This week sees the release of my new book, Making Music in New Zealand and Russell Brown thought it would be a good time for me to write a post about music, writing about music, and hip hop in this country (my previous book was Hip Hop Music in Aotearoa. It also happens to be the week of the annual hip hop summit at the Town Hall and Aotea Square in Auckland (a free event, though tickets have to be picked up from Ticketek), so it's all the more timely for me to have a soapbox to briefly stand on. I do occasionally write in my own online journal , but let's hope what I have to say is more ordered than the random rants that I put down there.
Music writing in New Zealand has always been a mixed bag, though, like NZ music, it has had one thing going for it - since there is little chance of making money from it, most people involved in the field did it due to genuine interest rather the search for monetary gain. Nonetheless when I spoke at the Writer's festival earlier this year, Graham Reid was also on the panel and made an interesting point - there used to be a time when a journalist could write about a band at any time and there didn't need to be an album or tour to promote in order to justify an article.
It is also disappointing to read articles that are focused more on the musician as celebrity rather than the musician as an artist (or worse, articles that tell you more about the journalist than about the musician). I suppose this is one reason why I have based my two music books around long sections of quotes from musicians, with only a little bit of interruption from my own narration. Therefore, my latest book is primarily local musicians telling anecdotes and relating experiences from their own careers. My intention was to create a book that fans of NZ music might appreciate, whilst also creating a source book for young musicians so that they would be inspired and knowledgeable about the field they were getting into (and there are more specific sections that provide crucial knowledge for such musicians).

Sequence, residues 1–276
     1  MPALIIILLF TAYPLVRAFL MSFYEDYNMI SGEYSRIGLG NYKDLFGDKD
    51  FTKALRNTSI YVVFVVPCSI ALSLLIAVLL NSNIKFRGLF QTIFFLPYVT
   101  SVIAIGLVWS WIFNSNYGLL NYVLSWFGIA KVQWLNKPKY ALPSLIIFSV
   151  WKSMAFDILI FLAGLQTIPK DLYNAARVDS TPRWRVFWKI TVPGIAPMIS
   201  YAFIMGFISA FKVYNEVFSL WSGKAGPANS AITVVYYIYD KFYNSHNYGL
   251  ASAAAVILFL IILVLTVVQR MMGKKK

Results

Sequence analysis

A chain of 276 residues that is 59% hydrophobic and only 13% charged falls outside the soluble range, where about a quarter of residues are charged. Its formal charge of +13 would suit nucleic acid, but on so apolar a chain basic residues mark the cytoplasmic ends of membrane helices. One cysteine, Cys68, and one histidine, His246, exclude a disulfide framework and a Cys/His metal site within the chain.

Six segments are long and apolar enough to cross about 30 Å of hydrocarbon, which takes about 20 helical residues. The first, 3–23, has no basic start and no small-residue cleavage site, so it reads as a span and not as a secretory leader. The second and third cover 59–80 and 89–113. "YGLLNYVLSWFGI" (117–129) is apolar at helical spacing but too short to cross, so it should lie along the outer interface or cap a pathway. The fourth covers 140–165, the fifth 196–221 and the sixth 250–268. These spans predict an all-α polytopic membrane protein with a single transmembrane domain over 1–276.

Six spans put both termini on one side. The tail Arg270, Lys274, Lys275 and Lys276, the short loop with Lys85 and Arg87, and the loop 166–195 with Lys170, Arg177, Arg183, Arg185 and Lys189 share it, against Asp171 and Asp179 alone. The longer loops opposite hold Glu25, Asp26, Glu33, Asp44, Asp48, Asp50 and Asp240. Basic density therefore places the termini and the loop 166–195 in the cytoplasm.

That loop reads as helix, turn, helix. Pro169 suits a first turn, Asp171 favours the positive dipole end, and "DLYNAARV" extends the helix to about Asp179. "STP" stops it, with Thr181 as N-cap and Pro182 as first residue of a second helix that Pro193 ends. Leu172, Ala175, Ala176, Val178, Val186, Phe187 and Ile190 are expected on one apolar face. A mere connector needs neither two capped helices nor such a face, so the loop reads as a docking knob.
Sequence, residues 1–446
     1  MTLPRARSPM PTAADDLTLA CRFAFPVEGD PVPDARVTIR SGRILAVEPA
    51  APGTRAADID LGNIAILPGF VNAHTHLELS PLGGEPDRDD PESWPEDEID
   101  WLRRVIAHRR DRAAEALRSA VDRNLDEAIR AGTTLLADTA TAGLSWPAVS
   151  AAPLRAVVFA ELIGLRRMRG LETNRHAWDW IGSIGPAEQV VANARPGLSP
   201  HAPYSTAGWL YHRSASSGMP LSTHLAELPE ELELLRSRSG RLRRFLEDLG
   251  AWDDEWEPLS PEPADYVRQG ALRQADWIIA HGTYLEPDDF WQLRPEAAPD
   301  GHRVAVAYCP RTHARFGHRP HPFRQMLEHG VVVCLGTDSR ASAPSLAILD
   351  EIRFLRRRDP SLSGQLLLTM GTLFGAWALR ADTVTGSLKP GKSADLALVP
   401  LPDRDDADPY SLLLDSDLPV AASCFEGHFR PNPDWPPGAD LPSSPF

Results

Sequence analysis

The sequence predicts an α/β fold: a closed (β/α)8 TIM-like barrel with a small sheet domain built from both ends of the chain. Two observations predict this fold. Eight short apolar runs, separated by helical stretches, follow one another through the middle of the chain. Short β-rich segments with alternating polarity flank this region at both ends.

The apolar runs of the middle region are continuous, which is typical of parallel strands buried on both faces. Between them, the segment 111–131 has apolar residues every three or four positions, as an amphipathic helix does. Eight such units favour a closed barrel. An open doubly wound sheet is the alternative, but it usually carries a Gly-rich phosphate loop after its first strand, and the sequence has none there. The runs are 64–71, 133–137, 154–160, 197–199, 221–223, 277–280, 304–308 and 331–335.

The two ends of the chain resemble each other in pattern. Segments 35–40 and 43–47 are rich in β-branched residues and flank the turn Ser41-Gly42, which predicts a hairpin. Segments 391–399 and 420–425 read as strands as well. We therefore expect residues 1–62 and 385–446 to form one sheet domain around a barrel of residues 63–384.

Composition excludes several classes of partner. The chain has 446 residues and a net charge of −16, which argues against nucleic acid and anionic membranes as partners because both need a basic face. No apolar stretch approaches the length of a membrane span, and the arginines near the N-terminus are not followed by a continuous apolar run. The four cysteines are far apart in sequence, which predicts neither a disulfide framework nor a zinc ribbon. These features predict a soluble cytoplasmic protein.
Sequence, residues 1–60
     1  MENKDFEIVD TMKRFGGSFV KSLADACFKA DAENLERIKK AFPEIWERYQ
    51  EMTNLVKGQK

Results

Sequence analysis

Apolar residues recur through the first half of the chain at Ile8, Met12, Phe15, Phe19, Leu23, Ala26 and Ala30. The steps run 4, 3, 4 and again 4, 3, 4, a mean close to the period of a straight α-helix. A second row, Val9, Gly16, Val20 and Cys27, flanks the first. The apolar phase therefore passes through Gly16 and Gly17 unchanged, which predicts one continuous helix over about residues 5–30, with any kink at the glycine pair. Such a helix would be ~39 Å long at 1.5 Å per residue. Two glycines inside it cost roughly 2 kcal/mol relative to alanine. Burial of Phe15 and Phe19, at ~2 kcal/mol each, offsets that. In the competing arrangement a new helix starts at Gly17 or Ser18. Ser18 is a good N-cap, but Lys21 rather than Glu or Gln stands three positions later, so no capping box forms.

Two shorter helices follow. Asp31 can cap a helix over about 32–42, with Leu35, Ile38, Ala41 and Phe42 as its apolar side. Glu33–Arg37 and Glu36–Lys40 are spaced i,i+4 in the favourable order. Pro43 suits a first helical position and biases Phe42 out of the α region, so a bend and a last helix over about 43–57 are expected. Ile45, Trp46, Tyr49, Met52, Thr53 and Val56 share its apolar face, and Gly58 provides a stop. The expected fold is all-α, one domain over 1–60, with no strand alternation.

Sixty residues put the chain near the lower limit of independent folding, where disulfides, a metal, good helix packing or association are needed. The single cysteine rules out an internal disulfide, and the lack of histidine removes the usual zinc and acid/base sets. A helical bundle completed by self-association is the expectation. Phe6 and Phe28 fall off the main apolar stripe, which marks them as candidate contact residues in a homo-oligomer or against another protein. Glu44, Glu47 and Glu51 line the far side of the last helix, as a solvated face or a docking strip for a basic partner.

The New Zealand music scene has grown enormously over the last decade and a big part of that has been through government initiatives, which have created a mainstream music culture to sit on top of the underground music culture that always existed. This didn't just occur because of the money which was thrown at musicians for music videos and recordings but also because of the dedicated work of the NZ on Air pluggers. In the US, record companies are constantly berating radio stations through their pluggers to play their music, but in NZ the record labels couldn't justify the spending, so the government filled the gap - providing pluggers for appropriate NZ tracks. Now we are in the happy position of having a continuum of music from the underground bands of K'Rd right through to the chart successes of the Feelers and Scribe.